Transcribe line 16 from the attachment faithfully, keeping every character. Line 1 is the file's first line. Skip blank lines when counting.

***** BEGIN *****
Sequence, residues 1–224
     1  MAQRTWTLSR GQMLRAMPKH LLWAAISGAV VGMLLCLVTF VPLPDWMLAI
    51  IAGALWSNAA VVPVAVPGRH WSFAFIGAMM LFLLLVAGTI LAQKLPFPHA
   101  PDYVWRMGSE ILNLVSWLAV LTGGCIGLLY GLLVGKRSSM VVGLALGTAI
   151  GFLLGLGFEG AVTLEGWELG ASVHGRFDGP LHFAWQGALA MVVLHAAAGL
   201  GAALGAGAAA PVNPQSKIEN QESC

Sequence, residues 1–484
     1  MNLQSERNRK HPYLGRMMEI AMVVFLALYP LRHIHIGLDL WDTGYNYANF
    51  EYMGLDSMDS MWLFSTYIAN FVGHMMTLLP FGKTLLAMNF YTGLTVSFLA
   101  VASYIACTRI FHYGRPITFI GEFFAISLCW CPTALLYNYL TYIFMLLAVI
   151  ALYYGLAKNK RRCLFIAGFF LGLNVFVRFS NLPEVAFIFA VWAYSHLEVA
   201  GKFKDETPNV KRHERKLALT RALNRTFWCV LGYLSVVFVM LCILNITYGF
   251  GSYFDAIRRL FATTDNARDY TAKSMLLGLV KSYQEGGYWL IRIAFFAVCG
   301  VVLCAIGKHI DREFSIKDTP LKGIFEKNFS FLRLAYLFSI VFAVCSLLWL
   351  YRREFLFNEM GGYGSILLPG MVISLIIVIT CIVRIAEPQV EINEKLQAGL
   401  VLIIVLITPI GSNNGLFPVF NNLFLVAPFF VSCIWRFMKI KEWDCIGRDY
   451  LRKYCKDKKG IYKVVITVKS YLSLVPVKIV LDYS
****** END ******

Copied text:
   401  VLIIVLITPI GSNNGLFPVF NNLFLVAPFF VSCIWRFMKI KEWDCIGRDY